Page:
Arlen Specter, who died this past weekend, has been credited DERvH DOO ZLWK EHLQJ RQH WKLQJ: D VuUvLvRU. HH ZDV WKH SHUIHFW DDUwinian adaptor to the culture of tashington, D.C., and the times he lived in. jore than that, he survived health issues Ecancer, brain tumors, etc.F to which lesser men would have more meekly surrendered.
But Specter was so much more than a mere survivor, because he survived to do important things, not the least of which was being a clarion call for a less partisan, less poisoned environment that still valued compromise over deadlock.
For our money his most laudable accomplishment was his constant pursuit of more federal money for medical research.
then he became Pennsylvania’s junior senator in 1981, the annual budget for the kational fnstitutes of Health was A3 billion. By the time of his retirement Eat the hands of Delco Democratic upVWDUW -RH 6HVWDN) LQ 2010, WKDW fiJuUH KDG LQFUHDVHG 10-IROG. 7RGDy, kfH’s budget is just over A30 billion.
tith the country going broke, it is hardly a good time to brag about federal spending on anything. But is it hard to think of a PuFK EHWWHU ZDy WR LQvHVW WDx GROODUV WKDQ LQ fiQGLQJ FuUHV IRU WKH sick and ways to keep America healthier.
Specter started his political career as a Democrat and ended on the same side of the aisle. fn between he was a oepublican who commanded the attention of both sides for his willingness to buck his own party to do what he thought was in the nation’s interest, not to mention his own.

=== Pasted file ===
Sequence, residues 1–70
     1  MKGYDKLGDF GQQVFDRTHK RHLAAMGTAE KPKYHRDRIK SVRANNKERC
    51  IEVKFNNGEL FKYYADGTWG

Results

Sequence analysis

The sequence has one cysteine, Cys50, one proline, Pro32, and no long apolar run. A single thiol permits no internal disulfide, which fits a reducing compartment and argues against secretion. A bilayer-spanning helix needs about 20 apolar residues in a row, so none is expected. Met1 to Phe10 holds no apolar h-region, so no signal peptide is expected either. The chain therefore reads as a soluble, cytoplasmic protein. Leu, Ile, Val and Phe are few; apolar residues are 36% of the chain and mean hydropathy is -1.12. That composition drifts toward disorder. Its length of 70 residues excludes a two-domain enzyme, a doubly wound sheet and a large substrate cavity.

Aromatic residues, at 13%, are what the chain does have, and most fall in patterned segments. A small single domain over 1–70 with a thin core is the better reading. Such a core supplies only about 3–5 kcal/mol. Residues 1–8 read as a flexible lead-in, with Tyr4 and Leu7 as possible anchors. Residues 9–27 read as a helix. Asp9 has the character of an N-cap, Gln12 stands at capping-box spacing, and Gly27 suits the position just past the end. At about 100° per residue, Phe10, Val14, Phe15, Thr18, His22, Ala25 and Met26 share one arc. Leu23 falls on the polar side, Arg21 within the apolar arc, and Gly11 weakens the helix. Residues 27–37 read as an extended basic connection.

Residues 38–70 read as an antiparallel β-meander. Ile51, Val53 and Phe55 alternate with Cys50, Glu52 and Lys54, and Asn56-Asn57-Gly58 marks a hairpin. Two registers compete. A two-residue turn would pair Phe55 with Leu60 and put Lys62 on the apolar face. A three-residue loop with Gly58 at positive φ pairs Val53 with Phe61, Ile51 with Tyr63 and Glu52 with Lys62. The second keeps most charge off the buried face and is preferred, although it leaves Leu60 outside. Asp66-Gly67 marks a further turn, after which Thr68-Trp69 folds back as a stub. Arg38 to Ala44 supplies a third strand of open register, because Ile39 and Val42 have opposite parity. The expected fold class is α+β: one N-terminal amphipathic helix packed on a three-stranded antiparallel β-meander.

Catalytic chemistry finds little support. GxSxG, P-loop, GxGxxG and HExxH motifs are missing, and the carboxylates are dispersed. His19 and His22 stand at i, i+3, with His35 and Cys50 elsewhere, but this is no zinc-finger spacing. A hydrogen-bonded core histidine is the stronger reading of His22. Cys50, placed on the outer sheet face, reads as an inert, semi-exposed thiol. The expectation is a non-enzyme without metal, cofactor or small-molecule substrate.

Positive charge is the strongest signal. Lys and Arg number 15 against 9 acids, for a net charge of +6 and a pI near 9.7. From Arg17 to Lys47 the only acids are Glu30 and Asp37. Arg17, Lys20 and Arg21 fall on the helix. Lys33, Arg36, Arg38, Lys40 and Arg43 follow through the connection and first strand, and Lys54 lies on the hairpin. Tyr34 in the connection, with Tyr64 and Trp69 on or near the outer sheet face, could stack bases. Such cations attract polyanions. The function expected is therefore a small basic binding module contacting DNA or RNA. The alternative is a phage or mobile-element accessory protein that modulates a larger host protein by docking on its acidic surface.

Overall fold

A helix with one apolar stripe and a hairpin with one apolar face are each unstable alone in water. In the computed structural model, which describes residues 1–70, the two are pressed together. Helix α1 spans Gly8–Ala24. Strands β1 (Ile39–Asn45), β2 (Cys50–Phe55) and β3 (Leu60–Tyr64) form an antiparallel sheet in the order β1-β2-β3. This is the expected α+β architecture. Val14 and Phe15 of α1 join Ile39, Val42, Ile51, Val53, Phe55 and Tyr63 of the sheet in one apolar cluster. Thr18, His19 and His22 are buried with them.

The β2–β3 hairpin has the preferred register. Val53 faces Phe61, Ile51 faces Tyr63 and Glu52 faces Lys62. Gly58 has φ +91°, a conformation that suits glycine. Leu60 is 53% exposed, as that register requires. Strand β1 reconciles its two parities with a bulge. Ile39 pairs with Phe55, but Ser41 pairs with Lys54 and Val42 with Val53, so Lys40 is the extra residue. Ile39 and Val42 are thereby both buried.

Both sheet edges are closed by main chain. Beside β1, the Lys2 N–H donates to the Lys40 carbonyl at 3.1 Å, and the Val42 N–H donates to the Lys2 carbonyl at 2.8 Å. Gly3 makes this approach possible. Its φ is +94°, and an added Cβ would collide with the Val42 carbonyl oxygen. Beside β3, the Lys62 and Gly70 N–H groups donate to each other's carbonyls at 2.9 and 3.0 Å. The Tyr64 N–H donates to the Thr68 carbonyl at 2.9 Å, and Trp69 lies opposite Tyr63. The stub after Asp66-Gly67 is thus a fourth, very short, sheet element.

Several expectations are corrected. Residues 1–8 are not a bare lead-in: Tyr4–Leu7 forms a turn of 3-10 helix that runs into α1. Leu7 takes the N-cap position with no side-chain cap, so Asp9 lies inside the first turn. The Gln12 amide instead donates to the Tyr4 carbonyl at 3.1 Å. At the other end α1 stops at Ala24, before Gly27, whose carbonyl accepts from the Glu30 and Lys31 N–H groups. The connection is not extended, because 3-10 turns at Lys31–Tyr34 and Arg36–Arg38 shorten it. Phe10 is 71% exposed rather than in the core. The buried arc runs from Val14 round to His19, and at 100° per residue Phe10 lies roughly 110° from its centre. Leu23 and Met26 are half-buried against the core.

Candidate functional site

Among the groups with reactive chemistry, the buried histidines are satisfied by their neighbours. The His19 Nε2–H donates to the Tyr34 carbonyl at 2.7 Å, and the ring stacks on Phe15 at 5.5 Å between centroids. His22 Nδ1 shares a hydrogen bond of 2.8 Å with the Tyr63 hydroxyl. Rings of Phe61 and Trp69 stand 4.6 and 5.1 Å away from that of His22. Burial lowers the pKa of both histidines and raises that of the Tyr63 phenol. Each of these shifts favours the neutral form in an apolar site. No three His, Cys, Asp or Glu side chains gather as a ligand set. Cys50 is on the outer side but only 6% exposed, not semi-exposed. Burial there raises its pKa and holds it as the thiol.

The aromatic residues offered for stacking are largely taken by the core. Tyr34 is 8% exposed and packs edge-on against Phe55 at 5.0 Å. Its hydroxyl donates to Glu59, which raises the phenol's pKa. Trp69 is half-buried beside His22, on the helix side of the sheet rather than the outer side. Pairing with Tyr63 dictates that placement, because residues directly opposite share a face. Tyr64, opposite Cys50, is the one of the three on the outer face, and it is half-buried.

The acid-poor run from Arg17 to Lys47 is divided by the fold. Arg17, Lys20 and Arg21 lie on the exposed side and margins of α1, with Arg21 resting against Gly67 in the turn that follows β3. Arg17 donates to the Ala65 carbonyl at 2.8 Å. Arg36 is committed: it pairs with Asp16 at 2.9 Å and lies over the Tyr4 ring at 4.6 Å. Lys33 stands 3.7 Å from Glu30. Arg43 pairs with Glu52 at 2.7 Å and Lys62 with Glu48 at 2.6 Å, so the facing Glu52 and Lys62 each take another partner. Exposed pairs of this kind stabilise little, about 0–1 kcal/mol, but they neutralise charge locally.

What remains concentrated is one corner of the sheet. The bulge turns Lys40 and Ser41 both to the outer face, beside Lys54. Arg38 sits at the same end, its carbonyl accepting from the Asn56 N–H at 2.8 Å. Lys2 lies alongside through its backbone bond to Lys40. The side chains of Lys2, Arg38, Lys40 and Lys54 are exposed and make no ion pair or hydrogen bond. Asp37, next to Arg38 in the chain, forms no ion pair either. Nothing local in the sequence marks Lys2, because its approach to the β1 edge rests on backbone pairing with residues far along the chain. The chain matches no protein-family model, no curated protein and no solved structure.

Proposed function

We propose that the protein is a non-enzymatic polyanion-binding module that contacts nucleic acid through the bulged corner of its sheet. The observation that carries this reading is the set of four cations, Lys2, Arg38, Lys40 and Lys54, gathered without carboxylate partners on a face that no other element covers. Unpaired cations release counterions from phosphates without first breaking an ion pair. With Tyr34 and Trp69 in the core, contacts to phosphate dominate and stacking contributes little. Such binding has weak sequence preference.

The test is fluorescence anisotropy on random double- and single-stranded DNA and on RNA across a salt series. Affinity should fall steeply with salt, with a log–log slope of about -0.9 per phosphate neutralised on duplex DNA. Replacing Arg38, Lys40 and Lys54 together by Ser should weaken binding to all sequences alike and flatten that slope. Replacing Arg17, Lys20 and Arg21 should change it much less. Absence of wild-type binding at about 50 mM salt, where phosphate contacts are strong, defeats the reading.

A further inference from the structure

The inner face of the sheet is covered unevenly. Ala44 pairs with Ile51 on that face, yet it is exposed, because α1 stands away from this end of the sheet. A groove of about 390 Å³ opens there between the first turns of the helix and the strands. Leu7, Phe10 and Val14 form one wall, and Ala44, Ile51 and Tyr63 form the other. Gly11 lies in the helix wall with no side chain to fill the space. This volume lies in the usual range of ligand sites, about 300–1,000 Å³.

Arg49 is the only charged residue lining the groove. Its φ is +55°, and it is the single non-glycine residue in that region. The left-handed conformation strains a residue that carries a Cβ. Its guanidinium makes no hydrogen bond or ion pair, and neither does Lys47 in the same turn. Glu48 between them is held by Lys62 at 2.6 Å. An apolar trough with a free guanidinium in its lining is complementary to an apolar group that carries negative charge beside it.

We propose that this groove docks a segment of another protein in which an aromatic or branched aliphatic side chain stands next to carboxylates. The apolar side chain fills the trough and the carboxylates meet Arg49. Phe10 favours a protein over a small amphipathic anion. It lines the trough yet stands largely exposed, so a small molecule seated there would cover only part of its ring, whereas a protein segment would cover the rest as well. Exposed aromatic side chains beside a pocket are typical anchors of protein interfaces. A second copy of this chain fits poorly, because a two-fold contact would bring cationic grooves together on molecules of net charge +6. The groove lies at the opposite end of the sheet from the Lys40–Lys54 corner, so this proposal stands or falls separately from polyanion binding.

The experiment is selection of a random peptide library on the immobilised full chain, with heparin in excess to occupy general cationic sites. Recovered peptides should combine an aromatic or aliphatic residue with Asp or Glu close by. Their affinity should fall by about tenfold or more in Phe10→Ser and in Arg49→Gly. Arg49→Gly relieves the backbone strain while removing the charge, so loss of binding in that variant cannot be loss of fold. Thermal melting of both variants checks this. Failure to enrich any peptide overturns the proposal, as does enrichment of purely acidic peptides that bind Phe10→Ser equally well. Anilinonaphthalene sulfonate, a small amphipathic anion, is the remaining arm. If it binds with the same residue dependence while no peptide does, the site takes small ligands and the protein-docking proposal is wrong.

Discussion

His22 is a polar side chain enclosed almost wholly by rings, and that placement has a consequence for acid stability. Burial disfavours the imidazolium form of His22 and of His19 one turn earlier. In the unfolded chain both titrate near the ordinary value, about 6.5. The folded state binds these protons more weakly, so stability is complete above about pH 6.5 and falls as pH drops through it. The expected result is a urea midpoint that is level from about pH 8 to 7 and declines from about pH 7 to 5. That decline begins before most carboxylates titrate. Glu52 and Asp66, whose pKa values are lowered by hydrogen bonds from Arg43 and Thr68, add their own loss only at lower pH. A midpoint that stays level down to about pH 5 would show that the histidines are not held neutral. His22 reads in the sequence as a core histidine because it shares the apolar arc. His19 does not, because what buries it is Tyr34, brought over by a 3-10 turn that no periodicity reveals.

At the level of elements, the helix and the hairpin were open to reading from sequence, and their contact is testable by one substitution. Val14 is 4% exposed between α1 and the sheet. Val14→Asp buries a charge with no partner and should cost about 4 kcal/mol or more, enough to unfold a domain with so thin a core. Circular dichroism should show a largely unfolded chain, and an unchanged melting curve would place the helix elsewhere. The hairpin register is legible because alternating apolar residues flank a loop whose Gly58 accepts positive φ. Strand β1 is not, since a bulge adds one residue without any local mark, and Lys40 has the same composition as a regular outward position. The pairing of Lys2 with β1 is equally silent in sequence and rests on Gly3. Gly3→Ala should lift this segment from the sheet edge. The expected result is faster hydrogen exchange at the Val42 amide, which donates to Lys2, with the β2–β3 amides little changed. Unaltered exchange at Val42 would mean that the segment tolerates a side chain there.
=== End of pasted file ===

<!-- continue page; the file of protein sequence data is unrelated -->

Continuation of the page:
HH ZDV EHVW NQRZQ QDWLRQDOOy IRU IRuU WKLQJV: HLV VLQJOH EuOOHW WKHRry in the gFh assassination; his “borking” of Supreme Court nominee oobert Bork; his grilling of Anita Hill in the Clarence Thomas confirmation hearings; and his citing of Scottish law for his non-vote in the impeachment trial of tilliam gefferson Clinton.
These actions came decades apart, but all of them revealed a man who was iconoclastic, cerebral and brave.
Some would disagree. There were many who saw Specter’s actions mostly as attention-getting political calculations. They saw a man who always had his eye on the next election and made sure he was properly positioned to win it.
iate in his career E2004F, he had a very close call against a dOP insurgent named Pat Toomey. He survived it. But Toomey came back to haunt him six years later. To avoid another tough primary against Toomey, Specter jumped parties. He was unlucky enough WR fiQG DQRWKHU DPELWLRuV RIfiFH VHHNHU ZDLWLQJ IRU KLP LQ WKH Democratic primary.
After losing to goe Sestak Ewho went on to lose to Pat ToomeyF Specter took up the hobby of performing as a stand-up comedian
He was no gerry Seinfeld but he obviously enjoyed himself on stage and so did his audiences. And unlike the famous politicians who appear at the annual Correspondents Dinner in tashington every year, Specter wrote his own jokes.
(2uU IDvRULWH: “, FDOOHG COLQWRQ uS RQ KLV 65WK ELUWKGDy DQG VDLG, ‘Bill, congratulations on being 65. How do you feel?’ He said, ‘2K, , IHHO OLNH D WHHQDJHU, WKH SUREOHP LV , FDQ’W fiQG RQH.’”)
He was the consummate political pro; a creature of the Beltway who never lost that distinctive hansas drawl. Or his sense of humor. He was an American and political original. Dead at 82. He has gone, we’re sure, to a less contentious and more peaceful place.